On school class sizes
Ed J. Lebeau III, Drumright Gusher
There was big news in Tulsa last week as parents at Elliot Elementary School were able to use the internet to raise enough money to pay the salary of a teacher who was to be moved to another school. It seems there were only 55 students in that grade level, not enough to warrant three teachers.
This comes at a time when we struggle to understand the problems associated with our failing school systems. To say that they are not failing is to be in denial. They are failing.
The problem seems to be that no one knows exactly why, and the proposed remedies don’t seem to be working very well, either. Teachers and teacher pay are high on the list of areas of contention.
One of the precepts of modern education is that class size matters a lot in grade school.
This news report indicates that Tulsa Public Schools was willing to have 28 children in one class. Apparently the parents were not quite so willing.
The timing of this news story closely followed my 45th High School reunion which was preceded by much reminiscing on Facebook.
In particular, comments were made about our elementary school educations, and in particular, who was who in class pictures, some of which were posted online.
While I attended Strake Jesuit College Preparatory in Houston, I attended our parish parochial school for several years prior to that.
At the time, about half the teachers were nuns.
They were everything you had ever heard about nuns, and maybe more.
What was striking to me was the class sizes based on those class pictures. The average class size appears to be in the realm of 35. And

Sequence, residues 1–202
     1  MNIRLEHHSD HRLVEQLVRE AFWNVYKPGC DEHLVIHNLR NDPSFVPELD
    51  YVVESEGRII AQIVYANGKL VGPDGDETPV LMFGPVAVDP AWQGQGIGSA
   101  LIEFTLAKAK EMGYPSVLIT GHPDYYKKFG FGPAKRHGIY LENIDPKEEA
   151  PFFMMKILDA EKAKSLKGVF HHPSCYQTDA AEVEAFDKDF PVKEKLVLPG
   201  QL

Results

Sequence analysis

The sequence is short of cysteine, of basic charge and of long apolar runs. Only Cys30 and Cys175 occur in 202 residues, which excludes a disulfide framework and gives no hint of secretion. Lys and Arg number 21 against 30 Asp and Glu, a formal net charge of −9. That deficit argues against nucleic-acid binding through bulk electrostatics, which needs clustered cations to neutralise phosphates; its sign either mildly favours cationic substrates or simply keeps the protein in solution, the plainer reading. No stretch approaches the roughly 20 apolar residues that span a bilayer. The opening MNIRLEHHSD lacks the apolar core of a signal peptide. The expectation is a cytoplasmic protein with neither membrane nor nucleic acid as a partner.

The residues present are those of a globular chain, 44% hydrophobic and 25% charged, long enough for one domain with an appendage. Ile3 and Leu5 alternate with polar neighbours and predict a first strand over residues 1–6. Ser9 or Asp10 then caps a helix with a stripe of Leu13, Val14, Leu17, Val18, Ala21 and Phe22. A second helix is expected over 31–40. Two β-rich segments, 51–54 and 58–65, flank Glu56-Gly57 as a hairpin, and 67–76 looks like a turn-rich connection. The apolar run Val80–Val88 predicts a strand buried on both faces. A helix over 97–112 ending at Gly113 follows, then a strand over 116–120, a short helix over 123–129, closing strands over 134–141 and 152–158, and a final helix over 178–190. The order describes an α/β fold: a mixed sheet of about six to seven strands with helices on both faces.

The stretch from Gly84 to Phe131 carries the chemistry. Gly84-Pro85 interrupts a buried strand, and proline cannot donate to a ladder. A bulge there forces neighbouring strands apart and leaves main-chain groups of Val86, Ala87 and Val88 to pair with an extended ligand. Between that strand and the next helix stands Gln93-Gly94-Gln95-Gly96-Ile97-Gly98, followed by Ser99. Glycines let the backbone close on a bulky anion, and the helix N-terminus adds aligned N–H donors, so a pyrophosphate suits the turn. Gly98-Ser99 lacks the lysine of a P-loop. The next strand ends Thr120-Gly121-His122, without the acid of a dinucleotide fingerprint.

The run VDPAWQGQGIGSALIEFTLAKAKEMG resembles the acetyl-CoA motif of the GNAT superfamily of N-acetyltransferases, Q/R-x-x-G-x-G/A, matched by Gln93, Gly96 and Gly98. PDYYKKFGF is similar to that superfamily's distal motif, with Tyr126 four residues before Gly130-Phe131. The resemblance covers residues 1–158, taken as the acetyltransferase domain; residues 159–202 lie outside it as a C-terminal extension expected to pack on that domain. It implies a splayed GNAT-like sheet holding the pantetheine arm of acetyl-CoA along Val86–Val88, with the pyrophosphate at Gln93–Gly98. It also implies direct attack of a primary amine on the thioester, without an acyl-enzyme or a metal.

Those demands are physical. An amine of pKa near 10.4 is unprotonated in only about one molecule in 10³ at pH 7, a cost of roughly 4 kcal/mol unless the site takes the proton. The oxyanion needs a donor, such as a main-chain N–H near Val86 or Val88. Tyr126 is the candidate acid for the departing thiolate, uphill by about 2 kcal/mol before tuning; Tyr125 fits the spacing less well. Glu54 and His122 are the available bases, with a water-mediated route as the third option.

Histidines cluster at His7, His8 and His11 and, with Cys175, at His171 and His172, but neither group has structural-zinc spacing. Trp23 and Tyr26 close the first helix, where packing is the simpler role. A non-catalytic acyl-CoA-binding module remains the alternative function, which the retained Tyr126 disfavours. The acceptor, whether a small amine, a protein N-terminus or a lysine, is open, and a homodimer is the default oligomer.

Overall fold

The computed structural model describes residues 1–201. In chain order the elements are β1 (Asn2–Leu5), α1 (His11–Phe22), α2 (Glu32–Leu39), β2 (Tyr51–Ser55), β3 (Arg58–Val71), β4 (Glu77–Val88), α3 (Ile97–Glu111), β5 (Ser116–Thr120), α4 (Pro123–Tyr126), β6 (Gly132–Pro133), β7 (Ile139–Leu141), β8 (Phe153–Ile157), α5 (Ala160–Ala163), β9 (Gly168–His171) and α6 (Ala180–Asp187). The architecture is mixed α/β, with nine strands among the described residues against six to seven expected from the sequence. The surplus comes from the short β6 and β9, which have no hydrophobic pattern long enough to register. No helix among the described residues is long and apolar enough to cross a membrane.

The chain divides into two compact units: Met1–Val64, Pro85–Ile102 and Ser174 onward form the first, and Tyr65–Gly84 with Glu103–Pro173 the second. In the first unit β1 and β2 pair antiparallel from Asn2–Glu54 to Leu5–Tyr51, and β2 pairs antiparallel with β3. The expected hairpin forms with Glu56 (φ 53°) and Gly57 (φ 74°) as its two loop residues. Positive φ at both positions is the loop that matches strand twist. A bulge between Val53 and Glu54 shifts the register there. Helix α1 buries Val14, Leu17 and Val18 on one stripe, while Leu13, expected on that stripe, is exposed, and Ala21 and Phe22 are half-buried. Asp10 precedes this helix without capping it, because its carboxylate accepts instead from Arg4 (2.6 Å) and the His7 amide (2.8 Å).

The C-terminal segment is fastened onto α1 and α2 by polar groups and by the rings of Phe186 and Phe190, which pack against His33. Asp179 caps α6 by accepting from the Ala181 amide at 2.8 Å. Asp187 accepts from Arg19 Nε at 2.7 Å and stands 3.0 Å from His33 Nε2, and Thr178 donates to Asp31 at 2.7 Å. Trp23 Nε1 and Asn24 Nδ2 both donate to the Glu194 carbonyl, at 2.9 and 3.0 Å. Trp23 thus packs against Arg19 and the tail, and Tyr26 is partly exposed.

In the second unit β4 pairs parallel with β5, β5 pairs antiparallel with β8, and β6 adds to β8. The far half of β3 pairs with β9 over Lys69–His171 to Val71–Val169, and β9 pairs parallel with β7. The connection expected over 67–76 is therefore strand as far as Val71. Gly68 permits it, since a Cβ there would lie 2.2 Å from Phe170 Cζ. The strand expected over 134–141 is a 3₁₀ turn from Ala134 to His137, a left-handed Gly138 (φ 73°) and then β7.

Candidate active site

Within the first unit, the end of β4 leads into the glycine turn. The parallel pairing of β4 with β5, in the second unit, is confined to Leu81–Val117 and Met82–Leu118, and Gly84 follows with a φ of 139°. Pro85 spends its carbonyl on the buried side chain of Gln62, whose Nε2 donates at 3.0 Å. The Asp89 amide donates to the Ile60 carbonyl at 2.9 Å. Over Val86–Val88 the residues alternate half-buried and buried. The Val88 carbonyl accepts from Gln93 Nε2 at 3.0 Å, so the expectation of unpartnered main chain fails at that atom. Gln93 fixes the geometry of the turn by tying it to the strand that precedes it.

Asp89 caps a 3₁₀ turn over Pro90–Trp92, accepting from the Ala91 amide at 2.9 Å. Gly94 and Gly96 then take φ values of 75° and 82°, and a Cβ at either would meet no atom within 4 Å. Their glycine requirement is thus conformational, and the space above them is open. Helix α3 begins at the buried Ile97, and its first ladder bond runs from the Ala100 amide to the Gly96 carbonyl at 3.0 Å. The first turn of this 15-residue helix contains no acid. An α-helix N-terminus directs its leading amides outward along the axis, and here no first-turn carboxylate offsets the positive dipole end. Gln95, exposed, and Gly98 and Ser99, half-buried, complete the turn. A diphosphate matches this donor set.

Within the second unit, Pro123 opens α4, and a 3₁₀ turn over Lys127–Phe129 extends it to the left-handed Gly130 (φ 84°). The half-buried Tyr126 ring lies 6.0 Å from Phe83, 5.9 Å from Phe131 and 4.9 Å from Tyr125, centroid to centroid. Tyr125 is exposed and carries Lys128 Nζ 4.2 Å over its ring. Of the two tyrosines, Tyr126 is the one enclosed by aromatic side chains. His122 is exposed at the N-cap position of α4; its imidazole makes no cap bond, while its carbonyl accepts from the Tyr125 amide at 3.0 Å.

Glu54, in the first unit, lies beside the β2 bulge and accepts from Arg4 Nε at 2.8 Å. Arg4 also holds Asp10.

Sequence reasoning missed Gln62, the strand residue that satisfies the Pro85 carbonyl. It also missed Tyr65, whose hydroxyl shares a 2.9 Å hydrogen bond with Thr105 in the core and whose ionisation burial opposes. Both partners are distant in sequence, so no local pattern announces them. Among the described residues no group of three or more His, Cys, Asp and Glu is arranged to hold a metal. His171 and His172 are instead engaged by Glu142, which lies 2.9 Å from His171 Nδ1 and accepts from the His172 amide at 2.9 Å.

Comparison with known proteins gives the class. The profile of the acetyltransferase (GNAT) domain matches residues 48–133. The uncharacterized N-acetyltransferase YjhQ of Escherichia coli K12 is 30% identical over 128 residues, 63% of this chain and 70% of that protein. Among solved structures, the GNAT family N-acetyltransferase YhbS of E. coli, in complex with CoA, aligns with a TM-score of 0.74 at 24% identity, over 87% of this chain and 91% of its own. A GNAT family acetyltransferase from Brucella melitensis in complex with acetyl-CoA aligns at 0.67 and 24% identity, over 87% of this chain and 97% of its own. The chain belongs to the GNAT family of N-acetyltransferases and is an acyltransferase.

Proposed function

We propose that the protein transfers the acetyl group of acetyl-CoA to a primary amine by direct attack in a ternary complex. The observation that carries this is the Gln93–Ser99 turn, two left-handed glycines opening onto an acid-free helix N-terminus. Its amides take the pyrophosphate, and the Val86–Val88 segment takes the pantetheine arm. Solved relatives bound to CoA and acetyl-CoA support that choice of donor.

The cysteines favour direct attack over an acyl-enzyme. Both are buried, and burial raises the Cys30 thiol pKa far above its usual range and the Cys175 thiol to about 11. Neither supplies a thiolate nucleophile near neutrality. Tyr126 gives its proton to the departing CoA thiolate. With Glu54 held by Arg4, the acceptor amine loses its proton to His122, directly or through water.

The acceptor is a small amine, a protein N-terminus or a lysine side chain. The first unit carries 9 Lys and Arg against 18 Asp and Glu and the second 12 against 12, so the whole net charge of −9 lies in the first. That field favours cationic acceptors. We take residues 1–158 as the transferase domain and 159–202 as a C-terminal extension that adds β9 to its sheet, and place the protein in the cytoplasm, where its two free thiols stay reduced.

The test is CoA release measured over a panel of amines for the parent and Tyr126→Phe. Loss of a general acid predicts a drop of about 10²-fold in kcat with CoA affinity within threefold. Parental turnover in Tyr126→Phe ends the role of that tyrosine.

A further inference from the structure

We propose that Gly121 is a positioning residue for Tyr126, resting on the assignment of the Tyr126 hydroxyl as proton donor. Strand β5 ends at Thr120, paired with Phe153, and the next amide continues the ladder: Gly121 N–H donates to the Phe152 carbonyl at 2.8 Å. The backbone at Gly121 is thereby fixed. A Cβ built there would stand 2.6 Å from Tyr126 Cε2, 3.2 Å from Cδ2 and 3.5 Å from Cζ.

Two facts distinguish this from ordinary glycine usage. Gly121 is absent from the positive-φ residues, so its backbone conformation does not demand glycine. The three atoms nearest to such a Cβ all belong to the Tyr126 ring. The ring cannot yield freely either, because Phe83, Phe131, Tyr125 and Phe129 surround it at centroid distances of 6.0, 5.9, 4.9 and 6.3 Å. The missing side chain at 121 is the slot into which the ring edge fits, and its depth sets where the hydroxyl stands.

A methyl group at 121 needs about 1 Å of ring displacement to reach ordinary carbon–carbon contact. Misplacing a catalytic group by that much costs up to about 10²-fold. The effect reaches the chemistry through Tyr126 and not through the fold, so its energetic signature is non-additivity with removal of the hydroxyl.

I thought I received a pretty good grade school education. I also minded my P’s and Q’s because if I didn’t, punishment would follow. Rulers hurt when expertly wielded.
This leads to yet another discussion about our failing schools. If we misbehaved at school, we could be expelled. It didn’t happen very often, but it did happen. Because it was a private school, there were no particularly adverse consequences for the school short of a loss of l/35th of the funding for that particular class.
School overhead was low. We had a principal and a secretary and maybe one assistant, and one or two custodians, and that was it for perhaps as many as 700 students. There were up to 3 classes per grade K-8. We also didn’t have air conditioning.
This leads me to suspect that the problems with modern education have more to do with attitudes and goals.
If one takes education for granted as something the “state” owes to students, then there will be issues if the child is expelled. If the principal goal of “education" is to teach children to be tolerant and patriotic citizens first and the basics second, then we have a problem.
School should not be about the school or the state. It should be about teaching students the fundamentals. Say what you will about the nuns, but their focus was teaching us the basics, which included our faith. They did a marvelous job in my case. Judging by my classmates I saw earlier this month, I was not the exception.
If we create an environment where teachers can reasonably teach 35 students per class instead of 24, we will be on the road to solving our education problems.
Posted on Wed, November 18, 2015
by Ashley Novachich